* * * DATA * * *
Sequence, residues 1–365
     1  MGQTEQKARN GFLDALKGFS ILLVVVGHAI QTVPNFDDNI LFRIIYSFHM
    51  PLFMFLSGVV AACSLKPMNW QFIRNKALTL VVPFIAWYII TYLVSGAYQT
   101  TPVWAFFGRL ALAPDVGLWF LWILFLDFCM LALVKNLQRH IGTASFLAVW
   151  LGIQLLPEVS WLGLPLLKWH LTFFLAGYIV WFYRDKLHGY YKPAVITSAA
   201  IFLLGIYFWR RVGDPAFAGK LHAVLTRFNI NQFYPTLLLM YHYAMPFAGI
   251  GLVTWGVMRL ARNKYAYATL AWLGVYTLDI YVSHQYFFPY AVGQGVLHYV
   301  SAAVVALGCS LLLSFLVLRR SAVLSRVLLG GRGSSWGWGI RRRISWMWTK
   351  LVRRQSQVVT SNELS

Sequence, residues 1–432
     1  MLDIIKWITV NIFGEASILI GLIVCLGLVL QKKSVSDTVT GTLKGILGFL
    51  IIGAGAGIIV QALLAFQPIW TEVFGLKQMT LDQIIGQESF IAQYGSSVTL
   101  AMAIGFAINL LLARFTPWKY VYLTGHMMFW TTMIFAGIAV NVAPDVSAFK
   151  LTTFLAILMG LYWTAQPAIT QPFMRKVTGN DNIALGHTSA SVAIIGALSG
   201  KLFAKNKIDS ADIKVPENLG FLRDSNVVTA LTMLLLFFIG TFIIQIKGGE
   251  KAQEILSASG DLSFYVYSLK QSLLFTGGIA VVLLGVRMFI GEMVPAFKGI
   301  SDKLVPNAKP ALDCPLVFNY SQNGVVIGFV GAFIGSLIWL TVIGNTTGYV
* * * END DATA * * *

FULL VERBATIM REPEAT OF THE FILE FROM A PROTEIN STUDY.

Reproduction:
Sequence, residues 1–365
     1  MGQTEQKARN GFLDALKGFS ILLVVVGHAI QTVPNFDDNI LFRIIYSFHM
    51  PLFMFLSGVV AACSLKPMNW QFIRNKALTL VVPFIAWYII TYLVSGAYQT
   101  TPVWAFFGRL ALAPDVGLWF LWILFLDFCM LALVKNLQRH IGTASFLAVW
   151  LGIQLLPEVS WLGLPLLKWH LTFFLAGYIV WFYRDKLHGY YKPAVITSAA
   201  IFLLGIYFWR RVGDPAFAGK LHAVLTRFNI NQFYPTLLLM YHYAMPFAGI
   251  GLVTWGVMRL ARNKYAYATL AWLGVYTLDI YVSHQYFFPY AVGQGVLHYV
   301  SAAVVALGCS LLLSFLVLRR SAVLSRVLLG GRGSSWGWGI RRRISWMWTK
   351  LVRRQSQVVT SNELS

Sequence, residues 1–432
     1  MLDIIKWITV NIFGEASILI GLIVCLGLVL QKKSVSDTVT GTLKGILGFL
    51  IIGAGAGIIV QALLAFQPIW TEVFGLKQMT LDQIIGQESF IAQYGSSVTL
   101  AMAIGFAINL LLARFTPWKY VYLTGHMMFW TTMIFAGIAV NVAPDVSAFK
   151  LTTFLAILMG LYWTAQPAIT QPFMRKVTGN DNIALGHTSA SVAIIGALSG
   201  KLFAKNKIDS ADIKVPENLG FLRDSNVVTA LTMLLLFFIG TFIIQIKGGE
   251  KAQEILSASG DLSFYVYSLK QSLLFTGGIA VVLLGVRMFI GEMVPAFKGI
   301  SDKLVPNAKP ALDCPLVFNY SQNGVVIGFV GAFIGSLIWL TVIGNTTGYV